As we loaded into the ambulance, here’s what we didn’t know: Rachel had an ovarian cyst, a fairly common thing. But it had grown, undetected, until it was so large that it finally weighed her ovary down, twisting the fallopian tube like you’d wring out a sponge. This is called ovarian torsion, and it creates the kind of organ-failure pain few people experience and live to tell about.
…Other nurses’ reactions ranged from dismissive to condescending. “You’re just feeling a little pain, honey,” one of them told Rachel, all but patting her head.
…The average emergency-room patient in the U.S. waits 28 minutes before seeing a doctor. I later learned that at Brooklyn Hospital Center, where we were, the average wait was nearly three times as long, an hour and 49 minutes. Our wait would be much, much longer.
…The diagnosis of kidney stones—repeated by the nurses and confirmed by the attending physician’s prescribed course of treatment—was a denial of the specifically female nature of Rachel’s pain. A more careful examiner would have seen the need for gynecological evaluation; later, doctors told us that Rachel’s swollen ovary was likely palpable through the surface of her skin. ….And every nurse’s shrug seemed to say, “Women cry—what can you do?”
Nationwide, men wait an average of 49 minutes before receiving an analgesic for acute abdominal pain. Women wait an average of 65 minutes for the same thing. Rachel waited somewhere between 90 minutes and two hours.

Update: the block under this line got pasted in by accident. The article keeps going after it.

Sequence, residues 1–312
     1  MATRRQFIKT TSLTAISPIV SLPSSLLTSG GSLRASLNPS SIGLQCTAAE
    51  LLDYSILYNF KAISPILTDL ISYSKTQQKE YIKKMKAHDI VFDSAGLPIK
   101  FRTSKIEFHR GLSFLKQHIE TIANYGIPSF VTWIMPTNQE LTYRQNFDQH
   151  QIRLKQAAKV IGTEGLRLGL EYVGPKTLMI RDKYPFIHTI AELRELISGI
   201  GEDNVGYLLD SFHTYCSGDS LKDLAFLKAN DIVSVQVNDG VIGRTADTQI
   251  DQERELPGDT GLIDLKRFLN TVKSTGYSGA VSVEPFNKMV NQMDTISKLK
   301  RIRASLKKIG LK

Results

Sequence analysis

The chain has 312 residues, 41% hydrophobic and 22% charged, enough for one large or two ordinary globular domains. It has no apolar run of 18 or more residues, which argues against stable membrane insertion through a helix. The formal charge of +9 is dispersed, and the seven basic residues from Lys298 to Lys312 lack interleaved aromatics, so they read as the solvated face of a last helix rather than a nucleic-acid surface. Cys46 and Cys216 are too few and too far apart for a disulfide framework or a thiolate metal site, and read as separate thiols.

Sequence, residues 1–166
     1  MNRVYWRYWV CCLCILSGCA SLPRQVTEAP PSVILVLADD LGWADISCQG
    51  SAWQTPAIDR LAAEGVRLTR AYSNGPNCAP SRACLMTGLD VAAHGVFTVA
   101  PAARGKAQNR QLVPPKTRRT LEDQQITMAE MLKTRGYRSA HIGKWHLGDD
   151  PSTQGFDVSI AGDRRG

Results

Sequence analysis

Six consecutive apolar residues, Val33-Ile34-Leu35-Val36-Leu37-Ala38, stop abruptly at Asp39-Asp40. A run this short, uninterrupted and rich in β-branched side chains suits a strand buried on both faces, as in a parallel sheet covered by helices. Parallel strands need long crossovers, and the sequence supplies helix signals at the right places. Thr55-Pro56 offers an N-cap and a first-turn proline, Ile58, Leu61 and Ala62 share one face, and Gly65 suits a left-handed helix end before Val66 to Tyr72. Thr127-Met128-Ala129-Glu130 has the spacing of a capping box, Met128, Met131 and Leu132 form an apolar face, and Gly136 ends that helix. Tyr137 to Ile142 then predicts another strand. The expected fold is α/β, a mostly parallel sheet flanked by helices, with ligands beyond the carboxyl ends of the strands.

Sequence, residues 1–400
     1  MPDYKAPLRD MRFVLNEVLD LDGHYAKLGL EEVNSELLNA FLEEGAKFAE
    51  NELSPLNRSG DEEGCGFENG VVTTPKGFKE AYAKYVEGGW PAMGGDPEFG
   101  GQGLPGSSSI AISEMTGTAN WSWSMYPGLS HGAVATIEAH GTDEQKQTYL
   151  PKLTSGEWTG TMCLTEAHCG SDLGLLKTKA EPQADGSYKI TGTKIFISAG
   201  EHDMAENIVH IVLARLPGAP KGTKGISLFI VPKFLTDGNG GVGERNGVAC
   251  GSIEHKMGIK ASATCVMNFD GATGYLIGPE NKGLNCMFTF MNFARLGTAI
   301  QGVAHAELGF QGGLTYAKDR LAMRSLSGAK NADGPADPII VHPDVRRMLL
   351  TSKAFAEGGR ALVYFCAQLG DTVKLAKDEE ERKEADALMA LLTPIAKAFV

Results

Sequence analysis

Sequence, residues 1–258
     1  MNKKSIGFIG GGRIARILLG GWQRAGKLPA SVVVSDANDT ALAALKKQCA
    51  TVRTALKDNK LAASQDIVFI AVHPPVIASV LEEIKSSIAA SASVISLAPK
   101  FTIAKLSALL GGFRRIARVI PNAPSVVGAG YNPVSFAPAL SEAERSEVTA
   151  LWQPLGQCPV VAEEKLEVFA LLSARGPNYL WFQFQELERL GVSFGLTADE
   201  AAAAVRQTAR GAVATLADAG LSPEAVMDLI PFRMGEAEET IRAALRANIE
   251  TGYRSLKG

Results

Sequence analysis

…Later, she’d tell me that the hydromorphone didn’t really stop the pain—just numbed it slightly. Mostly, it made her feel sedated, too tired to fight.
…If Rachel had been alone, with no one to agitate for her care, there’s no telling how long she might have waited.
It was almost another hour before we got the CT results. But when they came, they changed everything.
…That’s when we lost it. Not just because our minds filled then with words like tumor and cancer and malignant. Not just because Rachel had gone half crazy with the waiting and the pain. It was because we’d asked to wait our turn all through the day—longer than a standard office shift—only to find out we’d been an emergency all along.
…Rachel’s physical scars are healing, and she can go on the long runs she loves, but she’s still grappling with the psychic toll—what she calls “the trauma of not being seen.”